Note that the shape in the lower window is not an approximation of the passband. It is the *real*  passband, dynamically computed and graphed while the program is running. Even the ripples due to  the Gibbs phenomenon are visible. As you can see in Figure 9, it has an out-of-band rejection of  more than 160 dB, thanks to the 1537 taps equivalent FIR filter used for the computation of the fast  convolution.  

Changing the limits of the passband is quite easy. Just place the mouse cursor on the upper or  lower limit, the cursor shape will change indicating that you can now drag that border, as shown in  Figure 10.  

Figure 10 - Dragging the upper passband limit with the mouse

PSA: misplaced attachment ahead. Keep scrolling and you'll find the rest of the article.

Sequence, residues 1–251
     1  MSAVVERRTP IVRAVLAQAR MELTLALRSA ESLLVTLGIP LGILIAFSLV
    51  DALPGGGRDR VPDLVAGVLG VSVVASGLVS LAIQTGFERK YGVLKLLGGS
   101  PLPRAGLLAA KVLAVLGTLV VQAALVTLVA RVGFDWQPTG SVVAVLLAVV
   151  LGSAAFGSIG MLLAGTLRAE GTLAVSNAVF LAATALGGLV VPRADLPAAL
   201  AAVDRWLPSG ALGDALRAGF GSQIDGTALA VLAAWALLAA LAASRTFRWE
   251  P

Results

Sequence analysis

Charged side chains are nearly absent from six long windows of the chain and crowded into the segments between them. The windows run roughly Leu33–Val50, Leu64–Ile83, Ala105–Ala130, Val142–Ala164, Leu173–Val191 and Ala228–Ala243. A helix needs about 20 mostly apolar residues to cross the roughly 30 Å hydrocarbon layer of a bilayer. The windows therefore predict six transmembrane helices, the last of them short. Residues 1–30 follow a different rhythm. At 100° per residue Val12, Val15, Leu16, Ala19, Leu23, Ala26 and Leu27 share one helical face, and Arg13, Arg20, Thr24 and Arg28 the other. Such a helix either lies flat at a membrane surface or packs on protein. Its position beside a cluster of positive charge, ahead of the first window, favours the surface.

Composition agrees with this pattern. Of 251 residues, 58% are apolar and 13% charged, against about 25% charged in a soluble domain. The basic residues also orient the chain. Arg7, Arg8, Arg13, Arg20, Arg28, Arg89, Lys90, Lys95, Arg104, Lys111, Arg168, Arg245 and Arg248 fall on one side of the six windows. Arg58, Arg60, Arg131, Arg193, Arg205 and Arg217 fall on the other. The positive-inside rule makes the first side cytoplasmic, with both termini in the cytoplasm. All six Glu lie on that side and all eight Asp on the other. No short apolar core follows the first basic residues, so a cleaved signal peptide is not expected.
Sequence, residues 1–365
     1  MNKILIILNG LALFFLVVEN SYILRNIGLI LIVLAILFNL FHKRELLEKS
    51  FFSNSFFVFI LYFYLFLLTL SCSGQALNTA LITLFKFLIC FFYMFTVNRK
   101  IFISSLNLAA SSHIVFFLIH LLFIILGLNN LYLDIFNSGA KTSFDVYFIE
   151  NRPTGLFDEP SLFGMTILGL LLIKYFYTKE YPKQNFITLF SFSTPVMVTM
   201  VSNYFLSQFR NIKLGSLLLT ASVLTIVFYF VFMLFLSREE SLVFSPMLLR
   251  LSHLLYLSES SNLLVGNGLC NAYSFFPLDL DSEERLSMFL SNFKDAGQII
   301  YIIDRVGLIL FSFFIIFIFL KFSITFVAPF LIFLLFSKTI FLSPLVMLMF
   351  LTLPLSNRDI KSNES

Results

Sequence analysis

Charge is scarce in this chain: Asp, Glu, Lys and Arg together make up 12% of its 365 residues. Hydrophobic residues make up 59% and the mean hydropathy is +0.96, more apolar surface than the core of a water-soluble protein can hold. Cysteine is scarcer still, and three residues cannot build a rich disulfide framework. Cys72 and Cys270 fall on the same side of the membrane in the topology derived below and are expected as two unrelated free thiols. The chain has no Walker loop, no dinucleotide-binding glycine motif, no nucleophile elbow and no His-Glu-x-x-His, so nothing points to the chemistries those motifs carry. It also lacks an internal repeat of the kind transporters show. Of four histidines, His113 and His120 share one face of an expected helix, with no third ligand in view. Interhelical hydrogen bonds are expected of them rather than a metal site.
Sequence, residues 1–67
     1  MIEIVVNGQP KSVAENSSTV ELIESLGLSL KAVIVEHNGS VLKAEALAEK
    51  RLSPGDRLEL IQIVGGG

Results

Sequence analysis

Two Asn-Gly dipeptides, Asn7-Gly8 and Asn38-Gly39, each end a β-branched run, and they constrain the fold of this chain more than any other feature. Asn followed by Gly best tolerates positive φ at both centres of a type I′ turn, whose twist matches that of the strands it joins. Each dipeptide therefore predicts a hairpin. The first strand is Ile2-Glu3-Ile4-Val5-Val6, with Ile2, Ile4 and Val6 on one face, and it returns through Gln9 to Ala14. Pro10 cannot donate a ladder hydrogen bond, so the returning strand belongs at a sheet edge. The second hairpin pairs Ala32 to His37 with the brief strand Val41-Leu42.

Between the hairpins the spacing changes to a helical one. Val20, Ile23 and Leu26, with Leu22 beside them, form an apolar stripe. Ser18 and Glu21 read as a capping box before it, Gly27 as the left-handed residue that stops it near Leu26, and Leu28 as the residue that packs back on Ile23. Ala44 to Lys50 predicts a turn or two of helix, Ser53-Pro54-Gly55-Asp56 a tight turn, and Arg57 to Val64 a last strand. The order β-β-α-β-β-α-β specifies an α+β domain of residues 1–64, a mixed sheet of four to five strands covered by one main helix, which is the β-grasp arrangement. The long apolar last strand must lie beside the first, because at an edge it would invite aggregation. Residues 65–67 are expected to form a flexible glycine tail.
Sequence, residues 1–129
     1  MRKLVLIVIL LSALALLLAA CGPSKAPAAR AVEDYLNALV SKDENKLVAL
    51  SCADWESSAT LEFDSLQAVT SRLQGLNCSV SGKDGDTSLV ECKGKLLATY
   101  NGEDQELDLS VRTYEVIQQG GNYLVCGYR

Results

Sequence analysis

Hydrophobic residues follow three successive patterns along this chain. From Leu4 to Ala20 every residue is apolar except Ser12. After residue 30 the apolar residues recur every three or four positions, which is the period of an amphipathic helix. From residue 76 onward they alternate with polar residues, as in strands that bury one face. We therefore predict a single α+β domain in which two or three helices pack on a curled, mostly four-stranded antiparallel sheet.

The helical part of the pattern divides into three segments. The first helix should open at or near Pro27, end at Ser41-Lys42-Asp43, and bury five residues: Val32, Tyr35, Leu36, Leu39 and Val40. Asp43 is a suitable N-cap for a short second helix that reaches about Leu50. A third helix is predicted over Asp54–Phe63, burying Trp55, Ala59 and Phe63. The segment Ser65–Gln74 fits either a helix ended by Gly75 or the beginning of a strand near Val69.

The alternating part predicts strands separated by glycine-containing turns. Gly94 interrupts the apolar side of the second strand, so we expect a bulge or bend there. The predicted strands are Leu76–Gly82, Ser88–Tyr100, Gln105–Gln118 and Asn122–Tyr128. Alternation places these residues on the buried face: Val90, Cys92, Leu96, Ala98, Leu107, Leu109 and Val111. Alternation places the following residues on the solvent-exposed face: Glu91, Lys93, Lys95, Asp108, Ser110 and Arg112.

To drag that border, simply press the left mouse button and move the mouse keeping the button  pressed. Similarly for the lower border. You can do this operation only when the program is  processing input, i.e. when the Start button has been pressed. 

To tune the desired signal while in SSB mode, click in the upper window on the frequency of the  (suppressed) carrier of the SSB signal. This frequency is shown with a gray line and reported  numerically above the window. Alternatively, you can drag the light blue window itself, by placing  the mouse cursor inside it. The cursor shape will change and dragging is now possible. Fine tuning is  possible with the mouse wheel, in steps of 10Hz.  

The upper and the lower frequency scales 

Right Click "LO" or "Tune" to lock frequencies.